Reducing American universities to inaccurate clichés about the “collegiate left” does serve a hard-nosed political function: It marginalizes, excludes, discredits, and diminishes these institutions and intellectuals more broadly from public debate and office. This is part of a much longer tradition of anti-intellectualism in America, first tracked by Richard Hofstadter and more recently chronicled by Susan Jacoby. This culture of anti-intellectualism is likely an important factor in why the number of American professors who serve in Congress is dwarfed by politically dominant professions like lawyers and businessmen.
It has been a standard trope since at least the 1960s to dismiss the “liberal academy” and its intellectuals out of hand—as when William F. Buckley famously quipped that he would “rather be governed by the first 2,000 names in the Boston telephone directory than by the faculty of Harvard.” More recently the American right has routinely celebrated books by authors like Roger Scruton and Michael Walsh who rest the responsibility for what they see as an apocalyptic civilizational collapse squarely on the shoulders of professors in college classrooms.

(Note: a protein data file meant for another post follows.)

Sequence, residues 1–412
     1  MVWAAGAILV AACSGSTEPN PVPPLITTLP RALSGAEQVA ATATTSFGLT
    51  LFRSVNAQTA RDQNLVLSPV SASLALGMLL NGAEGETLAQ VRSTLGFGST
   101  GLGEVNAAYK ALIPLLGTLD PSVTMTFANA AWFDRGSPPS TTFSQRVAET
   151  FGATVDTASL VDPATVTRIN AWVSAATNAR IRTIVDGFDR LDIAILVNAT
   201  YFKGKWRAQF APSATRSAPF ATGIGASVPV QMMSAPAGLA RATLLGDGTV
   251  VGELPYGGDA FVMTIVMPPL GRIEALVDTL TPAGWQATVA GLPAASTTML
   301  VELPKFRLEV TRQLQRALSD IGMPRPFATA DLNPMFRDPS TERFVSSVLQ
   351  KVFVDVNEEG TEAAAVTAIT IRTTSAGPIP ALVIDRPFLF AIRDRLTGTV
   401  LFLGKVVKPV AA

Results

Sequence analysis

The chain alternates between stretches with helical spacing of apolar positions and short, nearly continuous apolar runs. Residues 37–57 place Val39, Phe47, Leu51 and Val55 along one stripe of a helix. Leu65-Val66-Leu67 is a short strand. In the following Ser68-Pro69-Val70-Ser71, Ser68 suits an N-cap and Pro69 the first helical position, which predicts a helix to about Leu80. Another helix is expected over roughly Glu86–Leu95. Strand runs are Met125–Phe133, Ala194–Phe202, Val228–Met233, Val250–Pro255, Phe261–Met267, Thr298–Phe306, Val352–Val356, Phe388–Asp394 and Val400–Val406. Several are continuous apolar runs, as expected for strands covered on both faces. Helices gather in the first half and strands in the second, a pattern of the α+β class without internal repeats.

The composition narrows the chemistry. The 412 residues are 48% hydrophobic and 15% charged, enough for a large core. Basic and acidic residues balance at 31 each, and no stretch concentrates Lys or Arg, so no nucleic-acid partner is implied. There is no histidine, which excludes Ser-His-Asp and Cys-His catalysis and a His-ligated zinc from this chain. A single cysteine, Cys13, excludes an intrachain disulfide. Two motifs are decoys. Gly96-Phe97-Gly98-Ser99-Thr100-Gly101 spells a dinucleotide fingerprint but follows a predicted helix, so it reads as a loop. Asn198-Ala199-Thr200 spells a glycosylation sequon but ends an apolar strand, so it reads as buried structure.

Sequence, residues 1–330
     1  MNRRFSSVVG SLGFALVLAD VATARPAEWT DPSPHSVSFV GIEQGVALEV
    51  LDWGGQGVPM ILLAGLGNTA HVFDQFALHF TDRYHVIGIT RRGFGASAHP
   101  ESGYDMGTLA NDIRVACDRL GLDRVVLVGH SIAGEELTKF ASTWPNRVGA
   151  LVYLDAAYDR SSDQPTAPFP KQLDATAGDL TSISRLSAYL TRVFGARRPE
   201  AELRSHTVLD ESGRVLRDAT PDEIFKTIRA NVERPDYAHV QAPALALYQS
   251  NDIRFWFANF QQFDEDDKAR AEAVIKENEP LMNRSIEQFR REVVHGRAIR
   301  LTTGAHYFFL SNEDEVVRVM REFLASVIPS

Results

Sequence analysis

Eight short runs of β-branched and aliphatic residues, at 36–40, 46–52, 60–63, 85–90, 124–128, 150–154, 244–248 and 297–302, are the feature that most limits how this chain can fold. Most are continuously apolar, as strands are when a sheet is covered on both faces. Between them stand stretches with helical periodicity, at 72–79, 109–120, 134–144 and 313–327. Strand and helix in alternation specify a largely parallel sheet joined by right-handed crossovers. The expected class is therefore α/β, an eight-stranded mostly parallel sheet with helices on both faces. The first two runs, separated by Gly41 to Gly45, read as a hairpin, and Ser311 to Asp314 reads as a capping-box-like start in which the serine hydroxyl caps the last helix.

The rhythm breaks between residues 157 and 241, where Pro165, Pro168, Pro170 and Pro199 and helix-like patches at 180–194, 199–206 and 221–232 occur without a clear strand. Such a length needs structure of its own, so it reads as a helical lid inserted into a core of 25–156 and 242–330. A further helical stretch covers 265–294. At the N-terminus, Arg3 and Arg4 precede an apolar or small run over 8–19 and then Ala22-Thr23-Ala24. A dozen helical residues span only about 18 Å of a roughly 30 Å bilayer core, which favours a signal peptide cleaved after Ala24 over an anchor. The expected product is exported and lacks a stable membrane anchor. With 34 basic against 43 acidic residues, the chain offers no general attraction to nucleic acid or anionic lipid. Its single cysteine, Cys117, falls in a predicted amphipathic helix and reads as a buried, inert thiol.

But these attempts by other elite groups within society to gain popular political power by attacking universities and intellectuals has only been possible through distortions of reality. The ideological reality of American universities is in fact much more complex than the readymade bromides of the culture war. As of 2016, the United States is home to more than 4,000 institutions of higher education. Among them exists tremendous heterogeneity when it comes to educational missions, specialty and focus, civic and spiritual goals. A total picture of America’s academy would include everything from bustling state schools like the University of Alabama to small Catholic colleges like Thomas Aquinas College; it would span elite Ivies like Harvard and Princeton and highly affordable community colleges like Santa Monica College; it would include places specializing in sciences and engineering like Colorado School of Mines and art institutes like Rhode Island School of Design. American higher education has in part excelled due to a willingness to generously fund and support a wide diversity of institutions.